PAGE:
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If you go
What: Fort Wayne Jazz Orchestra’s “Tribute to Big Bands”
When: 7:30 p.m. Saturday
Where: Sweetwater Auditorium, 5501 U.S. 30
Admission: $10; tickets at Sweetwater inside Dave’s Music Den, 482-2365; Bugsy’s Pizza and Ice Cream, 260-244-5055 in Columbia City; or go to
Photos by Samuel Hoffman | The Journal Gazette
Members of the Fort Wayne Jazz Orchestra rehearse at South Side High School. The ensemble plans to host big-band tribute performances.

Band to exemplify jazz in city

Musicians are reflected in the bell of a member’s trumpet.
Bass player Casey Stansifer gets into a solo groove while he rehearses.

The Fort Wayne Jazz Orchestra did not select their name lightly. With another local orchestra performing under the same name, the new ensemble wants to be the musicians that represent the city and heritage of big-band music in their first concert event Saturday.

“As far as big bands go, we are a young group. We have a roster down – our personnel is set to make a change,” says Jason Klingaman, Fort Wayne Jazz Orchestra co-founder. “When you put ‘Fort Wayne’ in front of anything, you better have a good product, and I really believe in our product.”

The Fort Wayne Jazz Orchestra will be performing a tribute concert to big bands for their first concert as a new organization. Formally known as Columbia City’s the Blue River Big Band, founders Klingaman and Todd Ward say the new orchestra should be not be confused with the Fort Wayne Jazz Orchestra conducted by Mark Van Cleave.

Klingaman says the ensemble wants to establish itself as a repertory jazz orchestra for the city and play a more active role in programming special concerts for northeast Indiana similar to what the Fort Wayne Philharmonic does for classical music. For the tribute, there will be a mixture of big-band styles from Frank Sinatra to the more contemporary Michael Bublé.

“When you listen to Michael Bublé, you don’t think you’re listening to big-band jazz, and that’s what keeps this kind of music in people’s ear,” he says. “We’re hoping that Fort Wayne kind of adopts us. Beyond that, we just want people to come out and listen to some live music.”

Klingaman says the jazz orchestra will perform three or four annual concerts outside their private bookings that highlight various big-band genres like swing, jazz and Latin. One possible programming idea is to perform the works of Indiana composers such as Hoagy Carmichael, who found fame as the genre took off in the 1930s.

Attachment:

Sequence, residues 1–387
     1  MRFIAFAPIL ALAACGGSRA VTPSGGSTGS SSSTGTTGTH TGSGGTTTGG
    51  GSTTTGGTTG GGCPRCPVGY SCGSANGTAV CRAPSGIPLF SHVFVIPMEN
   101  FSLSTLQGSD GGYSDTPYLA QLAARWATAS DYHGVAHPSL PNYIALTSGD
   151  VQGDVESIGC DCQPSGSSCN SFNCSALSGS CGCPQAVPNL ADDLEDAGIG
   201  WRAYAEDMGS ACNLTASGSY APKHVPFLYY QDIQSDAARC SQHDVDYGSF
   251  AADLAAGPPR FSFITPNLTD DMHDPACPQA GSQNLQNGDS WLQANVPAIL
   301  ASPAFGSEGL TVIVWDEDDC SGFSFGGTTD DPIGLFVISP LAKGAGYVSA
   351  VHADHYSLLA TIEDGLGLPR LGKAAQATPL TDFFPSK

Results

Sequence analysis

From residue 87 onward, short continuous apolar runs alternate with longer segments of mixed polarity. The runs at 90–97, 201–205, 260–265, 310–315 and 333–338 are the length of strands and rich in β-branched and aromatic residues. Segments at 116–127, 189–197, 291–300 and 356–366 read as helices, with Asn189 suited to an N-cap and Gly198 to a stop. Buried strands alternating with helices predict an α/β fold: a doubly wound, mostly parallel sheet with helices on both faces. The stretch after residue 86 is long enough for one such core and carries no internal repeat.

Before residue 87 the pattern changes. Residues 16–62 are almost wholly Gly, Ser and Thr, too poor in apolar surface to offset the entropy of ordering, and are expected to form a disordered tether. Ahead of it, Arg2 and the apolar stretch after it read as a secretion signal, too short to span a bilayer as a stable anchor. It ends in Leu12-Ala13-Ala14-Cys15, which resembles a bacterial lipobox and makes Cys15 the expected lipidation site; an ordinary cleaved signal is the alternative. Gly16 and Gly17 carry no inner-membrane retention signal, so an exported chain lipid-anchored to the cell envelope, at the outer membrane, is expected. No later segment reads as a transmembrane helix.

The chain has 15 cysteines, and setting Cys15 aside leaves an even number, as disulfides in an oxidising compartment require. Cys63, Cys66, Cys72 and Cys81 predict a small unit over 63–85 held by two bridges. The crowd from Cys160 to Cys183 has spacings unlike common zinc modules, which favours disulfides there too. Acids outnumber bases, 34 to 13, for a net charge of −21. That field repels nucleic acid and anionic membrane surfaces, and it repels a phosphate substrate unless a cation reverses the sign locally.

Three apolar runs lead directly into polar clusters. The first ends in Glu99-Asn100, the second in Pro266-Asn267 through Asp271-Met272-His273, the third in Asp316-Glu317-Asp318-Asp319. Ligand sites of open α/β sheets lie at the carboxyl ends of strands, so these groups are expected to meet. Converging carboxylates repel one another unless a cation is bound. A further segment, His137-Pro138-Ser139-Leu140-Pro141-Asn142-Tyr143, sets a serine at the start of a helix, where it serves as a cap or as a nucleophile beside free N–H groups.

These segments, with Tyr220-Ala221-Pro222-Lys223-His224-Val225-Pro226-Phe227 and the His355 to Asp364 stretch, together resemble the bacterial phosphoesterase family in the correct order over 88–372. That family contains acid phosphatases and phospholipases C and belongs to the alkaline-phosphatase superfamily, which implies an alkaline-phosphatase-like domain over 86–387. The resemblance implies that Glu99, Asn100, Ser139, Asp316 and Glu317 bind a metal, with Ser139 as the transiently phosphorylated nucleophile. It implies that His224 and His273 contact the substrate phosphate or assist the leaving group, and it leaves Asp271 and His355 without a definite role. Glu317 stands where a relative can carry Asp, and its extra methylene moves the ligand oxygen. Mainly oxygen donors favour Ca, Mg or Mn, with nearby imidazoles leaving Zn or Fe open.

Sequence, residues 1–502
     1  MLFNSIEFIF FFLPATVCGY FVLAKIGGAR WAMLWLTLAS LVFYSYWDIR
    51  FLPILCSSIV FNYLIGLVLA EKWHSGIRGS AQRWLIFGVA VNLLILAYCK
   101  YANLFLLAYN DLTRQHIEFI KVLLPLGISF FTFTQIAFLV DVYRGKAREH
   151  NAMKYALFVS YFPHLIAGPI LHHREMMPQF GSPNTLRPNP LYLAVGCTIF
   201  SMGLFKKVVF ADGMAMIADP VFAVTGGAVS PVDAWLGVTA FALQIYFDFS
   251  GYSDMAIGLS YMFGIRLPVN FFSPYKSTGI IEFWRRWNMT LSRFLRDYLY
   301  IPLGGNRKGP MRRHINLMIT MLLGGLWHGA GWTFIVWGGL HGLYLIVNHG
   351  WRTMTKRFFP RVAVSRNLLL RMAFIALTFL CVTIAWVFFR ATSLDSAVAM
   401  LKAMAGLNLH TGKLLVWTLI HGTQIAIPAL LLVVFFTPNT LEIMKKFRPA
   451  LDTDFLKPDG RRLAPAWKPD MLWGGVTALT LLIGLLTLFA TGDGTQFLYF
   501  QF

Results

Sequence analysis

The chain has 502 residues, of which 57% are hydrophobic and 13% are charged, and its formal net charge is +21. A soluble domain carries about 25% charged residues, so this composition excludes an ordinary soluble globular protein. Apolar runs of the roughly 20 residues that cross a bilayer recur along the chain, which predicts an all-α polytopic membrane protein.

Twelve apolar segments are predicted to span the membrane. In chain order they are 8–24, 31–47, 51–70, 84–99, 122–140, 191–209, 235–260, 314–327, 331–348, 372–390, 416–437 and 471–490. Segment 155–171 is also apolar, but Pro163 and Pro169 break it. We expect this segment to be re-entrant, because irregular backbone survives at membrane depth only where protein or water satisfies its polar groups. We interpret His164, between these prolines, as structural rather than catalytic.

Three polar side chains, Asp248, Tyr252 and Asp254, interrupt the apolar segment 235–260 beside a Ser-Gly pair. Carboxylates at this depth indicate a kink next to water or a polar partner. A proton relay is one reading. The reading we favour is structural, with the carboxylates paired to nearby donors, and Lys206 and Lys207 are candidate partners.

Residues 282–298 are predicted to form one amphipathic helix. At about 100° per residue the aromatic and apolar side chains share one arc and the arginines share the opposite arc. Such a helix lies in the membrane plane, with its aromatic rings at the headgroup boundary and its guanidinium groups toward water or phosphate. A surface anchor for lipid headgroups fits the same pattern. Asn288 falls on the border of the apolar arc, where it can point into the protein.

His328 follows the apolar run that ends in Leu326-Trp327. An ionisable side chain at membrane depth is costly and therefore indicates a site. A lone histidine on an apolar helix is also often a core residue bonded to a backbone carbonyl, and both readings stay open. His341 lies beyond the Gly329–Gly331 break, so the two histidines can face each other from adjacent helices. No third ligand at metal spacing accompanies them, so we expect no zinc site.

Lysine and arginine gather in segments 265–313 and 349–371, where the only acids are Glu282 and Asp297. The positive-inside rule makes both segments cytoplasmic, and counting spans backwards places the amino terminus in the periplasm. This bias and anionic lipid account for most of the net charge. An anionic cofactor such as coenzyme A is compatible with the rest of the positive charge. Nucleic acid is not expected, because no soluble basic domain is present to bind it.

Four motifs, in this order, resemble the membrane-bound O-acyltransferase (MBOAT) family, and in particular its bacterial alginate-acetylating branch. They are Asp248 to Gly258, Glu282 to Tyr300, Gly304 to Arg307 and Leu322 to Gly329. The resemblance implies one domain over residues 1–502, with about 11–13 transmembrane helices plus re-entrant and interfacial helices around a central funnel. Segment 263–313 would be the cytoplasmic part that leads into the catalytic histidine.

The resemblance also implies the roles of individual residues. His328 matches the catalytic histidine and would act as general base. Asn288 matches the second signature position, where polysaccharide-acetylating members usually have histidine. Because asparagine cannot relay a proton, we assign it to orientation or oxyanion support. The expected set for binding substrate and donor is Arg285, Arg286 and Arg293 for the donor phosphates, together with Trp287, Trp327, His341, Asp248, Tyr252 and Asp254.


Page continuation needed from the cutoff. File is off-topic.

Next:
“Big-band music has an incredible heritage. It’s a true American art form,” he says. “That’s when pop music was truly an artistic expression and had a high level of musicality. We refuse to believe that it’s dying out – it still sounds too fresh and it’s so fun to listen to. We want to continue this kind of music because it’s so much fun to play.”

Klingaman and Ward have been working on reformatting the ensemble for the past few years using the Indianapolis Jazz Orchestra as a model. As the Indianapolis’ repertory orchestra, the Indianapolis Jazz Orchestra created the Jazz Arts Society of Indiana in order to conduct as a nonprofit performing arts corporation. The orchestra is now able to solicit sponsors to fund their own concert series and provide more community opportunities.

Ward says watching what the Indianapolis Jazz Orchestra has been able to accomplish inspired him and Klingaman to make some significant changes to their big-band orchestra.

“The main thing is that it allows us to present special programs that really present big band and jazz,” Ward says. “In doing our own programs, we can explore more music instead of playing venues where we can only do certain artists or certain music within the big-band genre.”

The Jazz Arts Society of Indiana has already given the orchestra some small grants to help with expenses. But Ward says the group wants to step out on its own first.

“We are kind of feeling out how close we need to be tied to them. Not that they are trying to control us, but if we don’t have to be officially ran by the Jazz Arts Society then that’s better for us. Right now they are helping us and suggesting things we should do. This is the beginning so we want to see how it goes.”

With more changes to be expected as the new orchestra grows, the passion for the music remains the same for the musicians.

“Our biggest priority right now is trying to get the word out and try to get an audience,” Ward says.

“It’s not really about getting bodies in the seats. We want people to approve of what we do, but it’s more to let them know that we’re here.”